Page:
A couple of weeks ago, I went to see a special screening of Local Hero. It’s an excellent film, and if you have the opportunity, you should see it.
The director Bill Forsyth was brought in at the end to hold a question-and-answer session with the audience. He mentioned at the beginning that he hadn’t seen the film in years, and an audience member asked why this was. He answered that he wasn’t ashamed of his work, simply that he wasn’t interested in looking back, and questioned whether – for example – a writer would be interested in rereading their old stories.
Contrary to the director’s opinion, my answer is a definite yes. I openly admit that being a writer wasn’t a childhood dream, and I therefore don’t have notepad upon notepad of embarrassing teenage musings. Rather, I wrote my first fiction in late 2010, just before I turned 27, and looking back enables me to keep a weather eye on how I’ve improved.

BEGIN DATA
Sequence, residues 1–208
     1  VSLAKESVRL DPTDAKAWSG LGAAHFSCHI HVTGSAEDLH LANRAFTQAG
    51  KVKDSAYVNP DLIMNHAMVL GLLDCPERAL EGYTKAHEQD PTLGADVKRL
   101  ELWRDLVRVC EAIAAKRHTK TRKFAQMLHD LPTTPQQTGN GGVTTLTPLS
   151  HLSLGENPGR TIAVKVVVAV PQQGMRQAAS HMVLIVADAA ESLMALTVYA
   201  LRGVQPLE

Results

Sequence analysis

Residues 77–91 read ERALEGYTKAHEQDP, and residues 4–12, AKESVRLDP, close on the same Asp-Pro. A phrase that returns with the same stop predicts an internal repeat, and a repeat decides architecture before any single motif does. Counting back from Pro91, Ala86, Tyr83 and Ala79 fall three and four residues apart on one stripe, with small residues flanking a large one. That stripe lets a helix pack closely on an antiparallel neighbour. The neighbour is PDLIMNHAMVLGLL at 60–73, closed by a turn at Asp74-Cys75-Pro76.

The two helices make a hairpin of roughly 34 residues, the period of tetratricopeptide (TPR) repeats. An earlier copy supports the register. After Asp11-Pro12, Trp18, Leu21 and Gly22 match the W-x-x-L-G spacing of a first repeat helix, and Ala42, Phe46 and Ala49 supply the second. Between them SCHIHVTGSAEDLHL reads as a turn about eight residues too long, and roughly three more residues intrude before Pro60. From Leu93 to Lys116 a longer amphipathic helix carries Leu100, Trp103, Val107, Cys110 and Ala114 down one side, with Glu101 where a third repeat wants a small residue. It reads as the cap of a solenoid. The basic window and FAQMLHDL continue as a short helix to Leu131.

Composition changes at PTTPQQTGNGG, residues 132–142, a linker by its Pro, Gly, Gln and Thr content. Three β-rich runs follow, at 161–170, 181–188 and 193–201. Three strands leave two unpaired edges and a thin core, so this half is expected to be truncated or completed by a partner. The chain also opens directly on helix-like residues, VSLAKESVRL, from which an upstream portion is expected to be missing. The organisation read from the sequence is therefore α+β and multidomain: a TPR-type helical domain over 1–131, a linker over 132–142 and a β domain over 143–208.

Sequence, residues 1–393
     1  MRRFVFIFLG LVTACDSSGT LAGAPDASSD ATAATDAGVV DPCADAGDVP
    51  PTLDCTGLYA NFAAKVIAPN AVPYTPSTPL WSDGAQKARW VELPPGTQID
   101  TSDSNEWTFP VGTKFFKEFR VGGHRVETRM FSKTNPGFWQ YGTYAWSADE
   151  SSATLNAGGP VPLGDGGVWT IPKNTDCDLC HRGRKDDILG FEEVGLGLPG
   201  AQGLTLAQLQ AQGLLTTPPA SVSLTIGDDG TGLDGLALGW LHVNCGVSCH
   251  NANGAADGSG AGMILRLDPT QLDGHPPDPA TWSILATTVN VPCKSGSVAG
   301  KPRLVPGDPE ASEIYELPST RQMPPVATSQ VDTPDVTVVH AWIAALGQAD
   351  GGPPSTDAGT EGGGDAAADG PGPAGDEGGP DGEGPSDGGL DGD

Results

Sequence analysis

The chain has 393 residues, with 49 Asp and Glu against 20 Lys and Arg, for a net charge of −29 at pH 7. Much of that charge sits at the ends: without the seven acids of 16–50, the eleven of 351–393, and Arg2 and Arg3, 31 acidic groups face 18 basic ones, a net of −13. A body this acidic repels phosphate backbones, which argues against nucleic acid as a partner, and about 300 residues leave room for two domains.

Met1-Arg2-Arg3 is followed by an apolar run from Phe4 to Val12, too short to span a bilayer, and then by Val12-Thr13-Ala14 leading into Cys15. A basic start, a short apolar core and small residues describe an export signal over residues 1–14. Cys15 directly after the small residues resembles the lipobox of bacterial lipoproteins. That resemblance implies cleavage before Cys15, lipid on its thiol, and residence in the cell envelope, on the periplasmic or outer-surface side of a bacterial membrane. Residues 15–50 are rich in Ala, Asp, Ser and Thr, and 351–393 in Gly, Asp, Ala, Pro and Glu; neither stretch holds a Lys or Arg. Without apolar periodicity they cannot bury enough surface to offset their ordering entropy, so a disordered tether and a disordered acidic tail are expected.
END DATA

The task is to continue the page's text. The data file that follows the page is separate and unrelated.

Even if I come across an old piece that I find jarring, I know I only need to rewrite it, or in extreme cases, deconstruct it, to bring it up to my current standards.
A prime example of such a jarring piece is one of the first poems I wrote, called The Cooler, a short verse about a character’s self-imprisonment. Looking at it now, it needs to be longer to fully convey the situation, as it’s currently unclear, and the clumsy language needs to be trimmed, eg, “It stays cold all night like a fridge.” Now I’ve looked back at it, I can think about these issues and improve the work.
In my next entry, I intend to cover the issue of rewriting in a more in-depth fashion.
I mentioned I’ve been writing fiction for less than four years, but I was a blogger long before that, discussing the issues on my mind at that moment, much as I do here. That writing is a little embarrassing, but it’s only by looking back that I can see how much I’ve moved on. Here’s a typical entry from almost exactly ten years ago.
There are many writers who started later in life, and I found out recently that John Grisham is one of them. He didn’t write his first novel until he was in his 30s, and didn’t give up his work as a lawyer until his second was published.